Friday, 27 Nov 2020

Soho restaurants now face £100,000 bill to let people outside

Westminster City Council has angered hospitality businesses after it emerged it was planning to charge thousands of pounds in fees to continue operating outside.

Firms will have to pay a daily rate of £7 per square metre for the space they use outside when the current  ‘al fresco’ scheme ends on October 31, City A.M reported. 

A law had been extended last month to allow dining on the streets in London’s West End as a way of helping restaurants, bars and coffee shops which were hit financially by the pandemic. 

But the new charges could now see some firms paying as much as £100,000 a year in fees.

Owner of coffee shop Kaffeine Peter Dore-Smith told City A.M the charge was a ‘real kick in the guts’ during a time where Covid-19 restrictions have hurt the industry.

He said: ‘This is an across the board charge, it does not matter what street you are in, what hours you operate, what you serve, what price point you have, nothing.

‘It is ridiculous and every person I speak to cannot believe it.’

Westminster City Council confirmed it would be charging companies for running the scheme but added it had already spent more than £2 million on supporting al fresco dining across the city.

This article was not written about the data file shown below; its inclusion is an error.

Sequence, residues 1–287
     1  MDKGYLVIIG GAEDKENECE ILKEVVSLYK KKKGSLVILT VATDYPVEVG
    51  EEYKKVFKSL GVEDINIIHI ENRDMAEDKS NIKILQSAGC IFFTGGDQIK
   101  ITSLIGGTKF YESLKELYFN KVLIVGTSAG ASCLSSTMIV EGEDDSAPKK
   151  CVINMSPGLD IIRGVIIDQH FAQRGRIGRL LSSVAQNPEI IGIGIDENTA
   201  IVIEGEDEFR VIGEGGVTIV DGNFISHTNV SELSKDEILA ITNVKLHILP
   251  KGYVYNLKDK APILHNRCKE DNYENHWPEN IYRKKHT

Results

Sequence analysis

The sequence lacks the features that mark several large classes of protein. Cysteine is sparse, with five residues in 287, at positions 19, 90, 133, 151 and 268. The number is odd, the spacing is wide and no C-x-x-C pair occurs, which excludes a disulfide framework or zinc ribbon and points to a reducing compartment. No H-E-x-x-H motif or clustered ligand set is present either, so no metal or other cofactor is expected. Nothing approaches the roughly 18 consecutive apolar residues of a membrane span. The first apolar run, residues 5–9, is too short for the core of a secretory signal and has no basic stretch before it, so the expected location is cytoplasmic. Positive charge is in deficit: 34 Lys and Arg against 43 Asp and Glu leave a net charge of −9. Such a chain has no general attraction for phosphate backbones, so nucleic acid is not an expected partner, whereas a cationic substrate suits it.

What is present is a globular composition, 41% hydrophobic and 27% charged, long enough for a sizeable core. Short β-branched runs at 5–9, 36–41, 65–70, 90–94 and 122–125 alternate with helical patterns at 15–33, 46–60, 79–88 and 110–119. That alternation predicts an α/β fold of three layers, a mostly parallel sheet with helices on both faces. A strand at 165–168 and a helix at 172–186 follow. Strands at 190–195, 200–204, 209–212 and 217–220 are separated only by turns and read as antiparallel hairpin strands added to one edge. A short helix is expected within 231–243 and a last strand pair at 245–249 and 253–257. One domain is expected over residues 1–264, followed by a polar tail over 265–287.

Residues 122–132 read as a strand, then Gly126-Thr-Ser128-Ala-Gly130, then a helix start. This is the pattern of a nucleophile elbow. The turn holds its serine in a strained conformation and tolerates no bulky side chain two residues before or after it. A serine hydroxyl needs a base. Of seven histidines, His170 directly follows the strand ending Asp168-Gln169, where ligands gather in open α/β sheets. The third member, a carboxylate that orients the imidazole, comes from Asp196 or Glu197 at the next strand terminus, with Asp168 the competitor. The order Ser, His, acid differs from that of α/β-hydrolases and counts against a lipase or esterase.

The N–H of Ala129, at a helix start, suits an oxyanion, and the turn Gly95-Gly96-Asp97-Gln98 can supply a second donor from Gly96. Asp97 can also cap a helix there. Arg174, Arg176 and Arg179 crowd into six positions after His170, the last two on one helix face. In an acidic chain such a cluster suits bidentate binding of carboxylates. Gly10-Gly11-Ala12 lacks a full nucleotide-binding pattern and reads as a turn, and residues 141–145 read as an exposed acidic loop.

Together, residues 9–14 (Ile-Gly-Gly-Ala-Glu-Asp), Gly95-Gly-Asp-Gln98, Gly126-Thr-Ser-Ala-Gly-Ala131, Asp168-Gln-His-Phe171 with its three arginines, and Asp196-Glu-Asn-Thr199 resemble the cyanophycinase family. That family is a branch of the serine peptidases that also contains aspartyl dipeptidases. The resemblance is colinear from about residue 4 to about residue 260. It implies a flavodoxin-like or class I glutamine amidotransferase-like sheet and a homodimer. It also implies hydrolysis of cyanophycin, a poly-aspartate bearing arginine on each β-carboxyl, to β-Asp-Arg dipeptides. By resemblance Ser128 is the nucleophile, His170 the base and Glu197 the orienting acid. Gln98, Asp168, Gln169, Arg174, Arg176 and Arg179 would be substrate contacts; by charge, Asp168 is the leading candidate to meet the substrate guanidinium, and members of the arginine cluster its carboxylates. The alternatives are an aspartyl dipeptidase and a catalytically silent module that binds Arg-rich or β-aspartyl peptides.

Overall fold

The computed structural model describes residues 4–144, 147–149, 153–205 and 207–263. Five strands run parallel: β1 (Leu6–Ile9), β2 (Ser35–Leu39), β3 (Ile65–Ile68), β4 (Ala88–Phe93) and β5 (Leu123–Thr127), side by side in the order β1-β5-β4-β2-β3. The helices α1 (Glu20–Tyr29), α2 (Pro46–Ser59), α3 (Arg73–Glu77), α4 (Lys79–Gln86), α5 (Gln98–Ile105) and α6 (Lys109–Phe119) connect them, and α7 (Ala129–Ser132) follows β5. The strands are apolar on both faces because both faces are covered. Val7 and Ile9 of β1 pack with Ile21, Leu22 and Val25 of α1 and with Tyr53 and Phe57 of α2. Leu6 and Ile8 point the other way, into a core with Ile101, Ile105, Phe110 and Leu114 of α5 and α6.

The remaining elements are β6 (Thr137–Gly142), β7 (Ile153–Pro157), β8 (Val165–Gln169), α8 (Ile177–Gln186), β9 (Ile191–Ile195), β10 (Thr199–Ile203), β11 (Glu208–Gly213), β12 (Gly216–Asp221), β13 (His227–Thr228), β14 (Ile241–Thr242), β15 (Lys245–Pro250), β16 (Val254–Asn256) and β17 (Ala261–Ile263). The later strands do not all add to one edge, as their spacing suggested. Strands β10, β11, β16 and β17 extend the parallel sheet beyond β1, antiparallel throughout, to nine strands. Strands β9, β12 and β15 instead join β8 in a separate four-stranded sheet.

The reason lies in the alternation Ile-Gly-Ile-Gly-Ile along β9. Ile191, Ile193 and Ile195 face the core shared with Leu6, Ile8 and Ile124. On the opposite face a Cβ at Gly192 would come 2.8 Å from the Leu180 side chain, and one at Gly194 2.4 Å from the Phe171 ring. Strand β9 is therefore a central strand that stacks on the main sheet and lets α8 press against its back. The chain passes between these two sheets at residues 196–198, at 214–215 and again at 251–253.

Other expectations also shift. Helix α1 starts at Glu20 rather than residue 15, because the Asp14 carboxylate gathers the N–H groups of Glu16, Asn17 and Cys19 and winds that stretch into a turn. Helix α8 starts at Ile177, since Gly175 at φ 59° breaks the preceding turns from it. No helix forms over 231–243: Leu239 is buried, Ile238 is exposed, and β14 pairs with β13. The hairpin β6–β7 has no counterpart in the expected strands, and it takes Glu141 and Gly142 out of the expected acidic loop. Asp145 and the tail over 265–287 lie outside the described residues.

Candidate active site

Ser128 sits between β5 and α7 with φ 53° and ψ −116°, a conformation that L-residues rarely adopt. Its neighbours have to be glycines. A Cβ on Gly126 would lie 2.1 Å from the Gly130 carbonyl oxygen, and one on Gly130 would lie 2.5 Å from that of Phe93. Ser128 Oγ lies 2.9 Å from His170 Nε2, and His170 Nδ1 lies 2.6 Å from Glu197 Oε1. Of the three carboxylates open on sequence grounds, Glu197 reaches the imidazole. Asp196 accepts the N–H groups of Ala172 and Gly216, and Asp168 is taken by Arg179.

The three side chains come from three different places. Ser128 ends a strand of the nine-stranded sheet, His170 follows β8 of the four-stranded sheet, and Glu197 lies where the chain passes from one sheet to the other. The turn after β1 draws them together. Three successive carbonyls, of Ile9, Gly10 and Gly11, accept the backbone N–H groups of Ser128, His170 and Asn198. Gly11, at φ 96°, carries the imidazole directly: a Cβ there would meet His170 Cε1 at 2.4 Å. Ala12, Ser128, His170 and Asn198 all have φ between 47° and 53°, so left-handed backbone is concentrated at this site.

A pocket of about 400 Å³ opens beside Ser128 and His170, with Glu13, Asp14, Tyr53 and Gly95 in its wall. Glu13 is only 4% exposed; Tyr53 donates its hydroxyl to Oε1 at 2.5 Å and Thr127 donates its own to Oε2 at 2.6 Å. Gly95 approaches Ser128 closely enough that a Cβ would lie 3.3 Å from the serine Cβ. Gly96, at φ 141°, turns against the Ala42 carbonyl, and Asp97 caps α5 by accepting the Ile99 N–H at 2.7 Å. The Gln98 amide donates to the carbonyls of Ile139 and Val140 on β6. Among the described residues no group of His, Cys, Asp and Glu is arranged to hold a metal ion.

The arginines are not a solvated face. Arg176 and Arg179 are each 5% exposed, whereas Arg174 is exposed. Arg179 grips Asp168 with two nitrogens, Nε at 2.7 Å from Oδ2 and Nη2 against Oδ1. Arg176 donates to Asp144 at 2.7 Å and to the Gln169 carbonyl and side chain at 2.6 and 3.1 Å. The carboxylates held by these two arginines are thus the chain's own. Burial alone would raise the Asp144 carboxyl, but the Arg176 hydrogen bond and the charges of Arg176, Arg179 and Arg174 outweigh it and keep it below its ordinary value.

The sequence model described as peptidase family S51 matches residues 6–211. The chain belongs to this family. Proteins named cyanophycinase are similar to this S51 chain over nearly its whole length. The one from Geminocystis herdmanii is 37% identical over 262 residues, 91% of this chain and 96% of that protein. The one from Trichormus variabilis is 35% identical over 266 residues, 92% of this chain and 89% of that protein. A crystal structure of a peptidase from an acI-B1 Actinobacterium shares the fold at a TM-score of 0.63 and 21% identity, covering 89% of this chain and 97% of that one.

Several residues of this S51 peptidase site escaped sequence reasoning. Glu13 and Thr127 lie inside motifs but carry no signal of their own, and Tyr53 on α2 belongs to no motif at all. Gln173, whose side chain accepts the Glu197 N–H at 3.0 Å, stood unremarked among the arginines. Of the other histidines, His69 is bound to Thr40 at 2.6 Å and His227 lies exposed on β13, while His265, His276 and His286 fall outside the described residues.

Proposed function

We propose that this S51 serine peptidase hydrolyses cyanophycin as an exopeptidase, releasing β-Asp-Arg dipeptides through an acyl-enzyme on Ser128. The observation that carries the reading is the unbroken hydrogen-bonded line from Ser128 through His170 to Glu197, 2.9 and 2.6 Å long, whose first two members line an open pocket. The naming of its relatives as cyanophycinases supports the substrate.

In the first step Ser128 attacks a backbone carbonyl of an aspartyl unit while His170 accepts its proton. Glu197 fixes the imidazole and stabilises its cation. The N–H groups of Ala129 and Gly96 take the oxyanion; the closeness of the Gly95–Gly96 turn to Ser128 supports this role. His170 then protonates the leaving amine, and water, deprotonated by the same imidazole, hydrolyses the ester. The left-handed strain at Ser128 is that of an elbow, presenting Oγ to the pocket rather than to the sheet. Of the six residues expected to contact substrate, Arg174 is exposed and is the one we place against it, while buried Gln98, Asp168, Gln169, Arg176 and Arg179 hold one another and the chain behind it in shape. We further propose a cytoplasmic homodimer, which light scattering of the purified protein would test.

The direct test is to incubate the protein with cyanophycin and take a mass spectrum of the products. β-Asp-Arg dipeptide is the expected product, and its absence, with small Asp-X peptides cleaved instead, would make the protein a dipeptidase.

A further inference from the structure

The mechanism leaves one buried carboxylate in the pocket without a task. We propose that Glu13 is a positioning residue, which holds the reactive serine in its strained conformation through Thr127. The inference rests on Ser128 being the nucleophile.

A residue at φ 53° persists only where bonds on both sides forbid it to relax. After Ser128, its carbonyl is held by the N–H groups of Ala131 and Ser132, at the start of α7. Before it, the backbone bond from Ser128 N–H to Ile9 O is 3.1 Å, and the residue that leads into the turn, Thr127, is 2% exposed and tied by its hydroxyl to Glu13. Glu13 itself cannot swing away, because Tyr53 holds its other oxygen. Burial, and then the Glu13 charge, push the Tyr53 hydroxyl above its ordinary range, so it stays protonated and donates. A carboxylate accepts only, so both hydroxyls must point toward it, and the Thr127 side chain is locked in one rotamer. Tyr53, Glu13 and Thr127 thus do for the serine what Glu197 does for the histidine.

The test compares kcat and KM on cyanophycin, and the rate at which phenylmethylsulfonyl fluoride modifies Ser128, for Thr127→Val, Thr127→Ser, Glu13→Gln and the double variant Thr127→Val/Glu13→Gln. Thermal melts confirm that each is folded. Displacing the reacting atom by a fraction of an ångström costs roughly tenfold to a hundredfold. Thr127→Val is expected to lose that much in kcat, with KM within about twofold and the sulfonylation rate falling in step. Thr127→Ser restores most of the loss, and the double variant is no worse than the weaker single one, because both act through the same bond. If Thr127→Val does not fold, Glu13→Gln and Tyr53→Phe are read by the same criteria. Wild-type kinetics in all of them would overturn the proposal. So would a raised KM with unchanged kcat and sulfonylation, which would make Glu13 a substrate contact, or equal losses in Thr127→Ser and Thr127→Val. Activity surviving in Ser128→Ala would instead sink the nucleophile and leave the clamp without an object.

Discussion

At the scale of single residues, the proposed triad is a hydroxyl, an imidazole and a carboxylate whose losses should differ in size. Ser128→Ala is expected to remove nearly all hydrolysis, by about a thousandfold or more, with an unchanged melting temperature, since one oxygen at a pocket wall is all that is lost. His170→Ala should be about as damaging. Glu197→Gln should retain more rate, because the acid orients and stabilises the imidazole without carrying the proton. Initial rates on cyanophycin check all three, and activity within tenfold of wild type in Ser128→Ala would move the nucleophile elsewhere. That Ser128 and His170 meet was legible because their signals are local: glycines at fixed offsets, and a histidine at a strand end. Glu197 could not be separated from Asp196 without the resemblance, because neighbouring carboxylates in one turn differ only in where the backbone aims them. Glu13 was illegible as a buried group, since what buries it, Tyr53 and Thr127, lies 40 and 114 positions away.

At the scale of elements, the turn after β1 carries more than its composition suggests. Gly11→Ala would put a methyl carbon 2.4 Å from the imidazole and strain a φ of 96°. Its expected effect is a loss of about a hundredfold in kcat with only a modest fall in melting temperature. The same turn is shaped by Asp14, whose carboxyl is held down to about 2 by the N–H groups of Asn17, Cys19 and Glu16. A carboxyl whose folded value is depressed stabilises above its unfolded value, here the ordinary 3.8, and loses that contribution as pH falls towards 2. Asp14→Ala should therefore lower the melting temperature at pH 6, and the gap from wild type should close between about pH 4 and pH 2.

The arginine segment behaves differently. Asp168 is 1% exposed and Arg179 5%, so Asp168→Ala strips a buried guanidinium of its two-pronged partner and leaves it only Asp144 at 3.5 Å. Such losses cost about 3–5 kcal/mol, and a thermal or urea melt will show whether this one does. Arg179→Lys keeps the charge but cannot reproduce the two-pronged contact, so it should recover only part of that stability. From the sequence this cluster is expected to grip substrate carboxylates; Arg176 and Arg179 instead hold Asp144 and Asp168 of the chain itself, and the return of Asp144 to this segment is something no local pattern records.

A spokesperson added: ‘We are asking businesses to make a contribution to cover part of the costs of running these schemes. 

‘We think this is the right way to help our world-famous hospitality sector while also being fair to our residents who have to pick up the bill for the remaining costs of these schemes through their council tax.’

The details of the fees were contained in a document named ‘Supporting Westminster’s hospitality sector during the winter’, which was seen by City A.M.

It added hospitality businesses would need to re-apply for pavement licences at the end of the month which could take up to two weeks to be issued.

The Business and Planning Bill was introduced in July to make it easy for pubs to use car parks as beer gardens, and for streets to be transformed into outdoor markets, in order to give floundering businesses a much-needed boost.

The new law loosened restrictions and allowed outdoor trading without the need for planning permission, and saw the country build a summer café culture as often seen in Continental Europe.

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